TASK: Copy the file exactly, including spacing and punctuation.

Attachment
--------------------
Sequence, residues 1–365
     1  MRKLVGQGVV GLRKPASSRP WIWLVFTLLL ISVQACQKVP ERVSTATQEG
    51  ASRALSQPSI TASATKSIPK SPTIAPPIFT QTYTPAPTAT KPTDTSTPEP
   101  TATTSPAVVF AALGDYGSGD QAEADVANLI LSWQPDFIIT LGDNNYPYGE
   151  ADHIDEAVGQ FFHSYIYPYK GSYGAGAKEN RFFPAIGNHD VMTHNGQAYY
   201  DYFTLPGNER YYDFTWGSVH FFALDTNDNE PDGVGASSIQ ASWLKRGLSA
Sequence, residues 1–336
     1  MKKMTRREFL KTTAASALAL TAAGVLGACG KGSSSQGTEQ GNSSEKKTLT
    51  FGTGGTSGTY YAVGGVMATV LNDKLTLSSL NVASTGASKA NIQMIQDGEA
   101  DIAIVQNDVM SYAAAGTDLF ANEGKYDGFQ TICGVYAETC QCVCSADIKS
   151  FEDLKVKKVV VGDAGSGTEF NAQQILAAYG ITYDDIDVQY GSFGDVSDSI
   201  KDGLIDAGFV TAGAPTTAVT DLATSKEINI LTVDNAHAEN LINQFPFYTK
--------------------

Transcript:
Sequence, residues 1–365
     1  MRKLVGQGVV GLRKPASSRP WIWLVFTLLL ISVQACQKVP ERVSTATQEG
    51  ASRALSQPSI TASATKSIPK SPTIAPPIFT QTYTPAPTAT KPTDTSTPEP
   101  TATTSPAVVF AALGDYGSGD QAEADVANLI LSWQPDFIIT LGDNNYPYGE
   151  ADHIDEAVGQ FFHSYIYPYK GSYGAGAKEN RFFPAIGNHD VMTHNGQAYY
   201  DYFTLPGNER YYDFTWGSVH FFALDTNDNE PDGVGASSIQ ASWLKRGLSA
Sequence, residues 1–336
     1  MKKMTRREFL KTTAASALAL TAAGVLGACG KGSSSQGTEQ GNSSEKKTLT
    51  FGTGGTSGTY YAVGGVMATV LNDKLTLSSL NVASTGASKA NIQMIQDGEA
   101  DIAIVQNDVM SYAAAGTDLF ANEGKYDGFQ TICGVYAETC QCVCSADIKS
   151  FEDLKVKKVV VGDAGSGTEF NAQQILAAYG ITYDDIDVQY GSFGDVSDSI
   201  KDGLIDAGFV TAGAPTTAVT DLATSKEINI LTVDNAHAEN LINQFPFYTK